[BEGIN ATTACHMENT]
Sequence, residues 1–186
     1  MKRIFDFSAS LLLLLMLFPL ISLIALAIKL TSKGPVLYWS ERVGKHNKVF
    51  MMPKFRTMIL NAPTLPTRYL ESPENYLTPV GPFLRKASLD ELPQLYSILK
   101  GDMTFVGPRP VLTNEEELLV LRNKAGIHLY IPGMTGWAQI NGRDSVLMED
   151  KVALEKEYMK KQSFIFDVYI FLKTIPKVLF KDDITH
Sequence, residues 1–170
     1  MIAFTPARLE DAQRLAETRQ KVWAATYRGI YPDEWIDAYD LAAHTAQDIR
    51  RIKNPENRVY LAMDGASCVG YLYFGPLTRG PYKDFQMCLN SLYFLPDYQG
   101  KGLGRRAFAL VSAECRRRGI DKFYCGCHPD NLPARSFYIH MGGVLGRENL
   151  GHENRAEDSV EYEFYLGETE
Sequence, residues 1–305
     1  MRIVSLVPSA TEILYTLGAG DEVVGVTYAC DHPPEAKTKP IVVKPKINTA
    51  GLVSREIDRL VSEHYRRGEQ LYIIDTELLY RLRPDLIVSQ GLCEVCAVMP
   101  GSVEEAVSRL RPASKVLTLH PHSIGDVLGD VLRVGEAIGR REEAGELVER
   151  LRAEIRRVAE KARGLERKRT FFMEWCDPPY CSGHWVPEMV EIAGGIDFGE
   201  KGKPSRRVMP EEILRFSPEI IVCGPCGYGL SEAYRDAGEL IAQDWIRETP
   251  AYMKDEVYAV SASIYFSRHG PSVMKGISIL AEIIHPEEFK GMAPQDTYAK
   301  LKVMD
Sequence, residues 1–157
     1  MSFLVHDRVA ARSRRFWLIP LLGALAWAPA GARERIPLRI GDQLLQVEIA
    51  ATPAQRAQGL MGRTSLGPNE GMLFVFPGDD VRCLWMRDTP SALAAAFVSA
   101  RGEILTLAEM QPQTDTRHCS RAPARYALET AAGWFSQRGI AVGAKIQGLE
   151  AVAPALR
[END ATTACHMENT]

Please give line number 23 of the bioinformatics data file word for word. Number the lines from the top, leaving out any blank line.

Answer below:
   151  AVAPALR